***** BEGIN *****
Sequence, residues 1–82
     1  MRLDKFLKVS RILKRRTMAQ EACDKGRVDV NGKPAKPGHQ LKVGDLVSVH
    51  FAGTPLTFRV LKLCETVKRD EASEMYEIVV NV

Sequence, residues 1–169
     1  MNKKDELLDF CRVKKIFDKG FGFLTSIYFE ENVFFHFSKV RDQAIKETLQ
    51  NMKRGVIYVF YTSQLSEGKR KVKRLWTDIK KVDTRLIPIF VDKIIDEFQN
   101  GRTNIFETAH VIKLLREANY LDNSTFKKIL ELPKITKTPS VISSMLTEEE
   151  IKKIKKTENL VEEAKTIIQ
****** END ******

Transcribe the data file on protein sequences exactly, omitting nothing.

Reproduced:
Sequence, residues 1–82
     1  MRLDKFLKVS RILKRRTMAQ EACDKGRVDV NGKPAKPGHQ LKVGDLVSVH
    51  FAGTPLTFRV LKLCETVKRD EASEMYEIVV NV

Sequence, residues 1–169
     1  MNKKDELLDF CRVKKIFDKG FGFLTSIYFE ENVFFHFSKV RDQAIKETLQ
    51  NMKRGVIYVF YTSQLSEGKR KVKRLWTDIK KVDTRLIPIF VDKIIDEFQN
   101  GRTNIFETAH VIKLLREANY LDNSTFKKIL ELPKITKTPS VISSMLTEEE
   151  IKKIKKTENL VEEAKTIIQ